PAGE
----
This is especially true when learning new skills, because there are phases of incompetence you have to struggle through if you want to gain competence at something new.
Even without these complications it is difficult to judge the full range and quality of what our colleagues do. We might see them dealing with a difficult customer so skillfully that they make it look easy, so we under-value how much legwork they put in to achieve this level of performance and so we mentally tot it up as routine. Then we move on, only catching glimpses of other people because we’re busy with so much else, those glimpses being more memorable if they ping a bias (or heuristic) such as “confirmation” (it confirms what we thought anyway) or “effect” (we have an emotional response to it) – but these superficial glimpses don’t stop us jumping to subjective judgements and thinking we’re seeing the objective truth about someone’s performance.
If that so-called “performance truth” is decided by people “thinking fast” (Daniel Kahneman), and confirmed by hierarchy rather than expertise, then we’re in trouble.
To quote Ryan Holiday (from The Daily Stoic):
because our senses are often wrong, our emotions overly alarmed, our projections overly optimistic, we’re better off not rushing into conclusions about anything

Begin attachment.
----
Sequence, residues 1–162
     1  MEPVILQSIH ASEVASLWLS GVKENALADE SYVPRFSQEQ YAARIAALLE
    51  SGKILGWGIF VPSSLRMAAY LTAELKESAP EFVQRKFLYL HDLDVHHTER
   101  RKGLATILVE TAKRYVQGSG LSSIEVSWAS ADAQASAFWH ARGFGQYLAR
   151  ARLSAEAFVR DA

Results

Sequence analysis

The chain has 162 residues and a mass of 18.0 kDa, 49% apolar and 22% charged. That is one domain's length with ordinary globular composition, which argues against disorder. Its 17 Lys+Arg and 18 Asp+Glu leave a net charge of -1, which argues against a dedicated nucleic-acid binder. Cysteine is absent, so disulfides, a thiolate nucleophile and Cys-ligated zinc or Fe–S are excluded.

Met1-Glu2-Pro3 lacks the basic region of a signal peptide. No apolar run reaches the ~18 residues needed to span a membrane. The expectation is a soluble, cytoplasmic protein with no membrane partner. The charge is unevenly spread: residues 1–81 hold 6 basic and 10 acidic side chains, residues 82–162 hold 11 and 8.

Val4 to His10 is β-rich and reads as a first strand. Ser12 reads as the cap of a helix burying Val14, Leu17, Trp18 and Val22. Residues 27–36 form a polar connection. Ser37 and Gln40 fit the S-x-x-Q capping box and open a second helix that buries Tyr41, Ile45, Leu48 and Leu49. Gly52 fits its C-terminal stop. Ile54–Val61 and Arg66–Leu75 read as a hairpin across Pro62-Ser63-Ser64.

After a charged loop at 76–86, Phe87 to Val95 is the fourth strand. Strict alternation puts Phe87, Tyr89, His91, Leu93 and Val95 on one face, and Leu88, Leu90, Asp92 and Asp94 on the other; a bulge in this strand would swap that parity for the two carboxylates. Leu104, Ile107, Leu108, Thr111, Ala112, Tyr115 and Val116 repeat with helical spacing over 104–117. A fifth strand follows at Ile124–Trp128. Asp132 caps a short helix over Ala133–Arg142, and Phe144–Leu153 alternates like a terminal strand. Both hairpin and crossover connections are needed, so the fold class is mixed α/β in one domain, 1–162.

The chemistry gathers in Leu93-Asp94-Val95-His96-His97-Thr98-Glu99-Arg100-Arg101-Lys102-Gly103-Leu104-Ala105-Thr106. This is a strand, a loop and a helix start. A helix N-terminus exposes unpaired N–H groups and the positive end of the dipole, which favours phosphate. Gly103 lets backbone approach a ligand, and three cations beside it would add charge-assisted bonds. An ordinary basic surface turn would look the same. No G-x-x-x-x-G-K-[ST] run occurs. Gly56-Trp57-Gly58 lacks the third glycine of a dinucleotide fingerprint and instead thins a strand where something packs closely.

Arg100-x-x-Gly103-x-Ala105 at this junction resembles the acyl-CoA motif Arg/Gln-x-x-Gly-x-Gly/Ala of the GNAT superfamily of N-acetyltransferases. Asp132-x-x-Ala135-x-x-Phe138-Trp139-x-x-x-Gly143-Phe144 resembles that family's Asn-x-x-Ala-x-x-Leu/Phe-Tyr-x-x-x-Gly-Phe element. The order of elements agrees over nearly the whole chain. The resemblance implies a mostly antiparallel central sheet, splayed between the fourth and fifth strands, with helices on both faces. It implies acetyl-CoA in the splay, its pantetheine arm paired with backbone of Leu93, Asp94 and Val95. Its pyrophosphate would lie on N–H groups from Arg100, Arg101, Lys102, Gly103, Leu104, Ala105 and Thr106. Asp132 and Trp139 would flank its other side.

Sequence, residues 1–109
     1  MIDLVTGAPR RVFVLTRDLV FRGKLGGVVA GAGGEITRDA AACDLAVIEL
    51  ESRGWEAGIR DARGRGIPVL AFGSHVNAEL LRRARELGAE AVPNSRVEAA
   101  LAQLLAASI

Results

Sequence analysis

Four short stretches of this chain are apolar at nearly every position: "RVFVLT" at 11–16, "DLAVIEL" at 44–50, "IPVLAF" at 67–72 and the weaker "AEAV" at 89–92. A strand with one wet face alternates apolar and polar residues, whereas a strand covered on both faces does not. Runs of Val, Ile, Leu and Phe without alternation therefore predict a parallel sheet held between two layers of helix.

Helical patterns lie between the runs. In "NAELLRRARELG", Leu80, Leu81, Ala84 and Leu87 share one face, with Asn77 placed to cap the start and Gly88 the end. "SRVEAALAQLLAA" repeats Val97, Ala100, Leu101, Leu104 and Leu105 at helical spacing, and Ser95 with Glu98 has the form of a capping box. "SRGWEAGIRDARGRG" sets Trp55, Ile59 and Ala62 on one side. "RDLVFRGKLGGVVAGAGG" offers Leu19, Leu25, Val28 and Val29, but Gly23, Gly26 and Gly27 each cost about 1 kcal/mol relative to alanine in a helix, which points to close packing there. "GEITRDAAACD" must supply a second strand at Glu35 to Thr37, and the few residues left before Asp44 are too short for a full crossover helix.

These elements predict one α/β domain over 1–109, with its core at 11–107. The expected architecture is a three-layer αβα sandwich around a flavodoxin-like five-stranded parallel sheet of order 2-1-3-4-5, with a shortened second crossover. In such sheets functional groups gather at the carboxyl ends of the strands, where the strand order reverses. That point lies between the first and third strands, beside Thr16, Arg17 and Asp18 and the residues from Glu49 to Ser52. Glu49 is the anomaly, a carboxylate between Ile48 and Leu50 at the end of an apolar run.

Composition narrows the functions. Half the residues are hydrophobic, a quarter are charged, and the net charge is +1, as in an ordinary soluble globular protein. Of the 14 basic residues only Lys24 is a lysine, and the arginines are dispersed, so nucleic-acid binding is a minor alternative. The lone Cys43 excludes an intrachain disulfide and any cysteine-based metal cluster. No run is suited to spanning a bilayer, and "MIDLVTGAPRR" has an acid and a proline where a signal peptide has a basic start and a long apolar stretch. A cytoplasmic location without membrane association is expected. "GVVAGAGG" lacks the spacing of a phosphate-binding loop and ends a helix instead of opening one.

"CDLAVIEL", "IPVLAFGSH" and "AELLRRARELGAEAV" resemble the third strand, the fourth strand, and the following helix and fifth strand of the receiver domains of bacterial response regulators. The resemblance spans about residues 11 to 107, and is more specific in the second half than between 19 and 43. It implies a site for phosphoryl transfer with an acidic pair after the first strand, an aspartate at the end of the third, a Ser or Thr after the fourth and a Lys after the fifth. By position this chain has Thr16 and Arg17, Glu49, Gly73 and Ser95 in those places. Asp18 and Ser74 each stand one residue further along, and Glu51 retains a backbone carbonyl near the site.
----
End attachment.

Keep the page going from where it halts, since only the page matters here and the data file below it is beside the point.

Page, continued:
I worked with a boss who saw his role as to challenge people’s thinking.
He had a keen analytical mind and was world-class in wrong-spotting, he could unearth a gap in anyone’s thinking from a hundred paces, and tease out anything and everything we hadn’t thought through properly with a few clever questions.
Everything he touched got an intellectual kicking to check for road-worthiness, and he was rarely off base in his eternal quest to discover anything that might be wrong with everything we ever thought of.
It was a nightmare.
He probably saw his role as being a guardian of quality, an invaluable cog in the production machine, a well-respected thinker who people would joyfully seek out to test their ideas before daring to expose them to the wider world … but in truth he wasn’t illuminating us with the warm glow of comfort and joy he thought he was, he was casting a dark shadow of persnickety pessimism, deflating and demotivating with his pedantic challenges and “but the problem with that is …” response to almost anything we ever tried to do.
Maybe we were over-ambitious at times, certainly naïve, reaching for too much with our attempts to achieve as many as six impossible things before breakfast, but by the time he’d finished with us, we were just trying to get through the day.